#source build = hou.node('/obj/box').asCode(brief=False, recurse=True ) f = open('/tmp/houbuild.py','w'); f.write(build); f.close() #target del(hou_parent) # if you've run this before f = open('/tmp/houbuild.py','r'); build=f.read(); f.close(); exec(build)
Use os.walk to get all image files under the current folder
#!/usr/bin/python suffixes = ['jpg', 'png','cr2'] suffixes += [x.upper() for x in suffixes] suffixes = ['.'+x for x in suffixes] other =  matches =  print suffixes import os for root, dirs, files in os.walk(os.curdir): for name in files: found = 0 for suf in suffixes: if (suf in name): matches.append(os.path.join(root, name)) found +=1 if not found: other.append(os.path.join(root, name)) print other print matches
Clone a nurbs curve to many curves
Like cloning poly meshes with outmesh to inmesh, you can connect mycurveshape.local to othercurve.create to have many curves replicate the shape of one curve. The connection editor is sucky at the best of times, and this seemed like a good excuse to write a clean little pymel tidbit. Master curve shape is called 'master_curve', and I've selected all the other curve shapes that'll be clones.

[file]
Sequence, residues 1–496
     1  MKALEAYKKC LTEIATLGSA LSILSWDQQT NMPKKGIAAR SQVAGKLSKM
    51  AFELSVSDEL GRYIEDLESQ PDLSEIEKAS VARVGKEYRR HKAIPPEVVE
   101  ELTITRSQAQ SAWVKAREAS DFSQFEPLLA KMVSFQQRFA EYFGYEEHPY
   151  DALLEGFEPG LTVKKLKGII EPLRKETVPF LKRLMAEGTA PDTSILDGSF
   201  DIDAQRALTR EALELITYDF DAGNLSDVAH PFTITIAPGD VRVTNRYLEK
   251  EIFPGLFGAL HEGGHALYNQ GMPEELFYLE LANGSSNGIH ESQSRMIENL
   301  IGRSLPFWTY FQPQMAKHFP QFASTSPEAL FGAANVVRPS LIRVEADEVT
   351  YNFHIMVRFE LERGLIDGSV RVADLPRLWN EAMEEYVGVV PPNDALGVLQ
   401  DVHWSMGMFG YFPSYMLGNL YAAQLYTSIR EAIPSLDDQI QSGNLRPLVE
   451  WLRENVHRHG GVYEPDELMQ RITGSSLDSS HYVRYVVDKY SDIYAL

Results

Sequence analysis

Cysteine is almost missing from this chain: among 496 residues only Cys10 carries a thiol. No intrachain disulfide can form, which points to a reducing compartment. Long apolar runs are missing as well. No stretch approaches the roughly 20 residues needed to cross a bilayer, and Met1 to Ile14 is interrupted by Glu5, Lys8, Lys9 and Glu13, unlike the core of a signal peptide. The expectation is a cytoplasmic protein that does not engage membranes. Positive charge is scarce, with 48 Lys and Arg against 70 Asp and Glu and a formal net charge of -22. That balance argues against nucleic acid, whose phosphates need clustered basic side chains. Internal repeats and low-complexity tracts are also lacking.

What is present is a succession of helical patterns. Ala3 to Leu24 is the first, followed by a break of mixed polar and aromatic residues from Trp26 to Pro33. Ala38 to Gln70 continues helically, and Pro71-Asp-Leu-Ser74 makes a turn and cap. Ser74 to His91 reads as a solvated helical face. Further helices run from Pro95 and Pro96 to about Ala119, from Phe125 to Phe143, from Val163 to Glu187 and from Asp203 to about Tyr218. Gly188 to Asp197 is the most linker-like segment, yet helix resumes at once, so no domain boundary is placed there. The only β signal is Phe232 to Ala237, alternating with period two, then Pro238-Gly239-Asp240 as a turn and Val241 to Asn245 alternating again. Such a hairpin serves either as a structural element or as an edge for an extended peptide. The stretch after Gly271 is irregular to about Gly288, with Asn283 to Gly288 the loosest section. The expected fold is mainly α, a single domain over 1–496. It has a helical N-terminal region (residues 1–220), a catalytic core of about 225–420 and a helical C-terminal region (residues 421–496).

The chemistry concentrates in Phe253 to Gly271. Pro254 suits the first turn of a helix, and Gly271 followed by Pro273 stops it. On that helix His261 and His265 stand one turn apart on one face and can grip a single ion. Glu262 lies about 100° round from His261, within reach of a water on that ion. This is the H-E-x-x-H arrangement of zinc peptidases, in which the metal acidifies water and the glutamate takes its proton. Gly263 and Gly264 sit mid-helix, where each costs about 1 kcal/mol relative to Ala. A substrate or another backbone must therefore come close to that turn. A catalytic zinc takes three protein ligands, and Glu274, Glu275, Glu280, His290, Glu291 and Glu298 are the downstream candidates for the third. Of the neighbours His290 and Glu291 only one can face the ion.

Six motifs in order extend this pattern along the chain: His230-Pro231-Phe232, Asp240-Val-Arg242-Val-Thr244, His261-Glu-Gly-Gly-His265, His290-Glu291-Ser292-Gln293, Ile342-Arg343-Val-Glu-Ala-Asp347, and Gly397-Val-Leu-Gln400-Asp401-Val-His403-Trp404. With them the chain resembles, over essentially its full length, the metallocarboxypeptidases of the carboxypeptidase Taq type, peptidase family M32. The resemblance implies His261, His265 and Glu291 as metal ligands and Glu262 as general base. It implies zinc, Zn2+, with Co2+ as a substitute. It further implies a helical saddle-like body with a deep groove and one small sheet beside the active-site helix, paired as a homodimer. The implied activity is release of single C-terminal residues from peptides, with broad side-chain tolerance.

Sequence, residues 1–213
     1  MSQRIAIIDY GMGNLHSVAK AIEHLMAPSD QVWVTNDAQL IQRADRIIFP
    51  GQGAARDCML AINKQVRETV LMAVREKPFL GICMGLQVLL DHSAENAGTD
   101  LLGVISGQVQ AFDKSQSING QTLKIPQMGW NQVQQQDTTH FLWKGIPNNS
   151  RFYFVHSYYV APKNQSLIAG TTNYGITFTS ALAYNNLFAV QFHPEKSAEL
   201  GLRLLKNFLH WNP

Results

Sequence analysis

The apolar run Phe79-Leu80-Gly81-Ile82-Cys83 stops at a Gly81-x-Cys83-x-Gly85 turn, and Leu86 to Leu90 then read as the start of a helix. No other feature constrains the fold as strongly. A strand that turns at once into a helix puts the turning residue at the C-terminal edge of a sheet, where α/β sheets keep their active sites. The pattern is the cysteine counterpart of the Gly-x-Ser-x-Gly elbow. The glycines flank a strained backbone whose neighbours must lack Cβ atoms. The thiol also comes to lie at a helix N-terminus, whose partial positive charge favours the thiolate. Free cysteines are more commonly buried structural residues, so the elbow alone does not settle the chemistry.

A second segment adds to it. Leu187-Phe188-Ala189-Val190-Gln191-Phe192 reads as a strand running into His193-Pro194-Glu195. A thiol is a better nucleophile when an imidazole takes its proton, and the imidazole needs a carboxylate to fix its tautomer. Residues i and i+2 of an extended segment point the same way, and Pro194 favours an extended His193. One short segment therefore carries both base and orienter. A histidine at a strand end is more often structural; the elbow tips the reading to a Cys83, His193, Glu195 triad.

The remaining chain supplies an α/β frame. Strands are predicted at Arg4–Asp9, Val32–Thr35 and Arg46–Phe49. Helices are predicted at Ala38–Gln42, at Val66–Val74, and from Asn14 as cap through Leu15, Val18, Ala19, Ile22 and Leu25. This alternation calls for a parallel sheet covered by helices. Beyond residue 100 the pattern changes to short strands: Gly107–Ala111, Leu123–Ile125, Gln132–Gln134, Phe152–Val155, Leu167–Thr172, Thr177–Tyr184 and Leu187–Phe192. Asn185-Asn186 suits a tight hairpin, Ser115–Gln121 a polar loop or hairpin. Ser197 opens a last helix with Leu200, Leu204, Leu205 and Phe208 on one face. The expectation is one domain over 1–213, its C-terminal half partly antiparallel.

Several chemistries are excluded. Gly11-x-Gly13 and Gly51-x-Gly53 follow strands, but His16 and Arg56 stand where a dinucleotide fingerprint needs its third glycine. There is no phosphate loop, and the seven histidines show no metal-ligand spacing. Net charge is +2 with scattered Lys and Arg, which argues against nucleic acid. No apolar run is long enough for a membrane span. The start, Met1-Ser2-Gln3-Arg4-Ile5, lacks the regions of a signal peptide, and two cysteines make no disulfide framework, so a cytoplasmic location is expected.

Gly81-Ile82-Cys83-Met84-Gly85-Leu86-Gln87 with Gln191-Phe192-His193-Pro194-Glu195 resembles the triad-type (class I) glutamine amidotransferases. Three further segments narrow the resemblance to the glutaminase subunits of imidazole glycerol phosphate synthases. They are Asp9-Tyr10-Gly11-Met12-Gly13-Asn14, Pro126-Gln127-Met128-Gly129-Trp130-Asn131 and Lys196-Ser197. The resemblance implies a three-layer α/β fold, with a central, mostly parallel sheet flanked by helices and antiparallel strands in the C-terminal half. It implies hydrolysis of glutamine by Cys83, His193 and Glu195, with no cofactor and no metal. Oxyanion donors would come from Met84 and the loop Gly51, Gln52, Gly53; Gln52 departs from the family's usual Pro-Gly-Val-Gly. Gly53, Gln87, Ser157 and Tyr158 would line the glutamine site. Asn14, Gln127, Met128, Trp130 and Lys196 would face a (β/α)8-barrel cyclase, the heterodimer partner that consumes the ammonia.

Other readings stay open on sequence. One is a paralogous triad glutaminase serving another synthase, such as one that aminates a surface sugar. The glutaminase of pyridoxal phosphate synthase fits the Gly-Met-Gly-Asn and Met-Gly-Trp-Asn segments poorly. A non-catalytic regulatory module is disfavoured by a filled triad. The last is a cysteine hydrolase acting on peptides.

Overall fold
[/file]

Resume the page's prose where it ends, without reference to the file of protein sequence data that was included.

from pymel.core import * for c in selected(): SCENE.master_curve.local >> c.create # same, but as a list comprehension [ SCENE.master_curve.local >> c.create for c in selected() ]
Simple! 2 handy tricks here:
- You can refer to anything in the scene by name with the SCENE. prefix
- connecting attributes is as easy as using '>>'
clone curves with animated timeoffset
Similar to the previous example, except this time I have a soup timeoffset node which I've keyframed, I want that also duplicated and driving each curve shape I have selected. Boring repetitive work becomes very easy with pymel.